Sorry, faithful Duck readers, for the radio silence – I’ve been traveling for much of the last month and then – ugh – just started teaching a daily undergrad class.  I promise – real blog posts are coming!  In the meantime, I wanted to fill you in on some information I’ve been digesting in the last month.  The information should be enough for all of us to “rant” about.

A few weeks ago, I was at the Vision in Methodology conference – a wonderful conference for women in political science that are interested in all aspects of political methodology.  One of the sessions was on implicit bias – a topic where there is a lot of academic research concerning how our CVs, letters of recommendation, and publications could be unequally interpreted by the larger community (both men and women!).  I think the research has some telling implications for gendered variations in success on the job market and at tenure/promotion time.  Hazel Morrow Jones and Jan Box-Steffensmeier have a great piece on the topic at The Political Methodologist. I have a lot of personal anecdotes (ask me over a beer at ISA-Midwest!) on this one and am really trying to be conscious about my own potential biases.

Today, thanks to the powers of social media, I was informed of this great New Yorker blog post by Maria Konnikova on “the dangers for women who negotiate.”  The punch line:

“our implicit gender perceptions mean that the advice that women stand up for themselves and assert their position strongly in negotiations may not have the intended effect. It may even backfire.”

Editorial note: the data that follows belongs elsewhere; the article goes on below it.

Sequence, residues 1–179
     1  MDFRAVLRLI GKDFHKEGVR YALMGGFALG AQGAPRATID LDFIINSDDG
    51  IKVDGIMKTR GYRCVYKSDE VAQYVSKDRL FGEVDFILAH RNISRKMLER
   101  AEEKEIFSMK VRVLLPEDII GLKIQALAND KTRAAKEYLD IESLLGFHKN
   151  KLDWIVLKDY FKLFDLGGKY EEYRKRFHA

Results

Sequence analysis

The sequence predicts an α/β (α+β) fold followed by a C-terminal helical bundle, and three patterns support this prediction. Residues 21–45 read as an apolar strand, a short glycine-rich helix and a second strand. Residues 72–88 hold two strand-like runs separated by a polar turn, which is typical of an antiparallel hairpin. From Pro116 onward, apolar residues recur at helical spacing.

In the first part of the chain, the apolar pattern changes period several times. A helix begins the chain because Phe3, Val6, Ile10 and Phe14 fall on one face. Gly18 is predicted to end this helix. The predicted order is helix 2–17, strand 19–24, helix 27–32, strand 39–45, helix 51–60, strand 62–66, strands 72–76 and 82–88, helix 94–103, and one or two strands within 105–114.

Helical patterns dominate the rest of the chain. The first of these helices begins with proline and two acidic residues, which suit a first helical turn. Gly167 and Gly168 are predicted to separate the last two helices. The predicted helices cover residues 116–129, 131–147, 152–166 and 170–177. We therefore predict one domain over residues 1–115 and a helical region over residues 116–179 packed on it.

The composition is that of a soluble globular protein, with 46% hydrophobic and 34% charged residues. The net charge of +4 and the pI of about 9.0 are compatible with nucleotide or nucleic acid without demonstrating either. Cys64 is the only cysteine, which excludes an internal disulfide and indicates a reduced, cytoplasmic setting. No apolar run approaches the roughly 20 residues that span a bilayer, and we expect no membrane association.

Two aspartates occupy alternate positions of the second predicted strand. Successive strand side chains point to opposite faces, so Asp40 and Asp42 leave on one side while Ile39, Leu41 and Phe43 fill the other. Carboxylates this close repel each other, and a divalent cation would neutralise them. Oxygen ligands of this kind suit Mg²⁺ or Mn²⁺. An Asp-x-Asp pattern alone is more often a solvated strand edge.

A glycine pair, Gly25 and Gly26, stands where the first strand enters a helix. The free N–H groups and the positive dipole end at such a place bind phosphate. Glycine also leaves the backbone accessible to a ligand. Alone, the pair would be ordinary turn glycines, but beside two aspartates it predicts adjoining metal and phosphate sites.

Ouch.  I’m still fairly new to the game of negotiations – I find the process scary and intimidating. Asking for an extra couple hundred in travel funds is enough to make me sweat. However, I also know there are times where negotiations need to occur – for me, for my family, for what I want out of life.  It’s definitely disappointing to see all of the research on how negotiations can be particularly dangerous for women.  The advice at the end of the blog – based on some social science research – is to make negotiations about the “team” and the “broader organization” (ie “Giving me more money is good for all of us, we can build something here” or “The extra travel funds are a great way for us to continue improving our department’s trajectory”).  Intuitively, that makes a lot of sense and is something I’m going to try.

Unfortunately, I don’t think there are easy answers to issues of implicit biases and negotiation – as the blog posts ends:

 “negotiation in which gender is involved remains a careful, precarious balancing act.”

And that statement alone should be enough to make us all want to “rant”!